Yes, it does, for a small proportion of men. The few trials available comparing surgery with not treating prostate cancer show a very small benefit for surgery. If you had an early cancer that would not develop, then the surgery cured you. (But you never needed the cure.)
On the other hand, most men with severe cancer still die despite screening and treatment.
The enthusiasts for PSA screening assert that they are preventing development of advanced prostate cancer. I wish that were true.
Their evidence comes from one project conducted in Europe, where seven centres started running trials on thousands of men aged 55 to 70 years, but only two of the centres showed clear positive results. Even in the trials with positive results, the chance of benefit was small. To prevent each single death from prostate cancer, they had to invite around 800 men. Harms occurred, as over-diagnosis rates were high. And, after 13 years of follow-up, for one less death, six men still died of the disease. So screening does not prevent death from prostate cancer, only reduces it slightly.
Criticism of the trials has also pointed out that these results could be due to the screened men being treated at highly skilled centres, that offered more modern drug treatment. If so, men should simply wait until they get cancer, then obtain high-quality treatment. This choice gives a slightly higher risk of cancer spread, but reduces the chance of over-diagnosis followed by unnecessary treatment.
After the European trial results were published, most evidence-based medical groups including the Canadian Task Force on Preventive Health Care decided that men are more likely to experience harm than benefit from screening. So they warned against screening. Their evidence is summarized in decision aids to assist men to understand the risks and benefits.
Urology Associations have a conflict: their members see men dying miserably from the disease, and naturally want to do everything to stop it. However, they too became more cautious after seeing the trial outcome, and now recommend that men should be informed of the risks before they start down the screening pathway.
The American Urology Association recommends that men under age 55 should not be screened. The Canadian Urology Association was in agreement, but recently lowered the age to 50 years, except in special cases of strong family history, where the risk of cancer is higher. It is not clear how well their members follow these recommendations. Many clearly do not.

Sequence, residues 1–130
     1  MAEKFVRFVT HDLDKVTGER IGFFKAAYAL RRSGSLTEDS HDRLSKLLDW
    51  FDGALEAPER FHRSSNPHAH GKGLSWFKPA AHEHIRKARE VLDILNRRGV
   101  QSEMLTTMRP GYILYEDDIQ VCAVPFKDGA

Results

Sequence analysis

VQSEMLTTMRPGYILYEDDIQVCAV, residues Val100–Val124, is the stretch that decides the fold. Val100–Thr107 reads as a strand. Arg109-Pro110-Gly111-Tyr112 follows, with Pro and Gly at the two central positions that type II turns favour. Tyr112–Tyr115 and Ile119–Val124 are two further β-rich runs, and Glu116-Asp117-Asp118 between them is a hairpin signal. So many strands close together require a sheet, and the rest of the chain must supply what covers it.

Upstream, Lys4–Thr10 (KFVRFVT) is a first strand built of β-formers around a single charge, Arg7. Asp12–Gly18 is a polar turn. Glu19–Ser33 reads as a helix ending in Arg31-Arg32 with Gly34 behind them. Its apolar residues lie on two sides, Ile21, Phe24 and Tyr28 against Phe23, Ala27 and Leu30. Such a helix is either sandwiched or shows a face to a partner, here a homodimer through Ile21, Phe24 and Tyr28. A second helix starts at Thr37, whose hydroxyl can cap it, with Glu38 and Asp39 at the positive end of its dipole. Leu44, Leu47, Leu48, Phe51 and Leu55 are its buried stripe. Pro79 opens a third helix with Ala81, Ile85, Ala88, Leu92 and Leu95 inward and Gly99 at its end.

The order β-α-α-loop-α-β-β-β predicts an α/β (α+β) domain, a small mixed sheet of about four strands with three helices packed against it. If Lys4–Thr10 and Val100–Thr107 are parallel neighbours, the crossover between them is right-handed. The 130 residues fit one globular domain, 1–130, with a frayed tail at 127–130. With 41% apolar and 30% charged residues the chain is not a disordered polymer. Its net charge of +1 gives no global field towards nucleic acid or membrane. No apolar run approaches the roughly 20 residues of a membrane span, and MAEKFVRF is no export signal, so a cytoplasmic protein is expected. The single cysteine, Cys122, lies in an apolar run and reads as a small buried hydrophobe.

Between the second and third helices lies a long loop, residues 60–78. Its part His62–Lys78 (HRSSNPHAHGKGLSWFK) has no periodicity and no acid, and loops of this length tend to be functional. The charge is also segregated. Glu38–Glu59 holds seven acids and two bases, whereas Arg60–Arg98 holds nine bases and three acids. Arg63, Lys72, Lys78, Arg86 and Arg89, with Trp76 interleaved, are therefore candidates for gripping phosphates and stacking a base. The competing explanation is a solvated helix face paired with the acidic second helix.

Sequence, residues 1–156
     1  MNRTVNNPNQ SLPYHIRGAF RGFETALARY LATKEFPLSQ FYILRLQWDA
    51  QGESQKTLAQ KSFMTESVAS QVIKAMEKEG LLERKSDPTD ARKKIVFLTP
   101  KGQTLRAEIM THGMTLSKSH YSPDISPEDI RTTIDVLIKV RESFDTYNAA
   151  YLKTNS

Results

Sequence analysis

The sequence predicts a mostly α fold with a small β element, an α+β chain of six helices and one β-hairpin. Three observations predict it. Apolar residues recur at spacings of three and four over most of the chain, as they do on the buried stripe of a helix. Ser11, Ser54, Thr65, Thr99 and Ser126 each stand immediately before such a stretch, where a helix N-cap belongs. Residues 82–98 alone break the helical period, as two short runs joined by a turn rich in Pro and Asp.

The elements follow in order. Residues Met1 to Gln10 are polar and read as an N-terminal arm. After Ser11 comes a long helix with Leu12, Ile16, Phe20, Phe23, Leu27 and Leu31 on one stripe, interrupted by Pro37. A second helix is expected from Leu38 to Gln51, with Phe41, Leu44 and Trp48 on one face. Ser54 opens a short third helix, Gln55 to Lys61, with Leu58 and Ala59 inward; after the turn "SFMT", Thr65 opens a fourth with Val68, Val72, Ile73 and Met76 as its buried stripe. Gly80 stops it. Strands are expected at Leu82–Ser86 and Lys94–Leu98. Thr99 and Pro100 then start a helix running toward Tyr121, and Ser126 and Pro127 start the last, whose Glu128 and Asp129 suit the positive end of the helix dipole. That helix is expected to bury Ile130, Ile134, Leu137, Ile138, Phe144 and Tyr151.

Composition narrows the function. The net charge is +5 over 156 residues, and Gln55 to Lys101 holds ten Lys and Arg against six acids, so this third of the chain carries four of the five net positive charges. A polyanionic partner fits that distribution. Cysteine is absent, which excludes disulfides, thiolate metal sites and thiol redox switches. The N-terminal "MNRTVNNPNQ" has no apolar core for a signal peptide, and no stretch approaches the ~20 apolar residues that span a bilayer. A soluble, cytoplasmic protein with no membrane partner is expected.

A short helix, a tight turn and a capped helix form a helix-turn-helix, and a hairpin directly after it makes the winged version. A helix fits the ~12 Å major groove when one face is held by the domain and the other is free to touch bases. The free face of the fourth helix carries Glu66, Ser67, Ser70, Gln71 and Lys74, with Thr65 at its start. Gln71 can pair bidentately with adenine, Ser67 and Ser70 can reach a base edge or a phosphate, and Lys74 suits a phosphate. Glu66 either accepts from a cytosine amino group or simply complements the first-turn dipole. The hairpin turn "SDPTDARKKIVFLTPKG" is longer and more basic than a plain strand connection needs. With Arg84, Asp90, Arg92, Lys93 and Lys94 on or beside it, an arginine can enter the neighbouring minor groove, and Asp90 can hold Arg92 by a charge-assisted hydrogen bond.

The Calgary “Man Van” — a mobile men’s health clinic offering PSA testing — recommends testing from the age of 40 and does not inform men of the uncertainties involved. This organisation is advised by urologists, who clearly do not follow their organisation’s policies. The Movember movement says age 50, and 45 for those at high risk.
And for men with higher risk, because of a strong family history, or slightly raised risk because of African ancestry — we have no clear evidence. We simply do not know whether screening is more or less effective among these men, nor whether their risk starts earlier than other men.
The PSA test has been directly marketed to men. The sponsors are not always clear, but appear to be the manufacturers of the tests, and others who profit from screening. They include companies that make surgical equipment and drugs used to treat cancer, and supermarkets that sell incontinence products. For these generous donors, the more men who are diagnosed, the more product they sell.
Prostate screening organisations have also persuaded many men of goodwill that this is a life-saving activity. And they have enlisted other donors who believe in the movement, often after having had a “cancer” removed, persuaded they have been cured by surgery.
It is difficult to tell such survivors that they likely had unnecessary surgery that caused the risks and complications, while most who have severe cancer still die despite the treatment.
Men die on average six years earlier than women. For young men, injury and violence including road accidents are the commonest cause, often fuelled by alcohol. In midlife up to age 75, cancer is the most important cause of death. After that, cardiovascular disease dominates.
But prostate cancer only comprises 20 per cent of the cancers. Lung cancer is still the most common fatal cancer in men, largely caused by smoking. Indeed more than half of all smokers die of smoking-caused disease, so for them, other causes barely matter.
Many men are obese, have high blood pressure and diabetes (which are often poorly controlled). All these improve with behavioural change: men need to quit smoking, minimize alcohol, eat healthy food and take regular exercise. Even a small increase in activity, such as walking regularly, will make a substantial difference to the effect of these diseases and lower the risk of death. It also helps people feel better.
Thus rather than encouraging “a simple blood test,” it is far better for men to encourage one another to change behaviours. This is likely to have far more value — with fewer negative effects — than doing PSA tests.
James Dickinson, Professor of Family Medicine, University of Calgary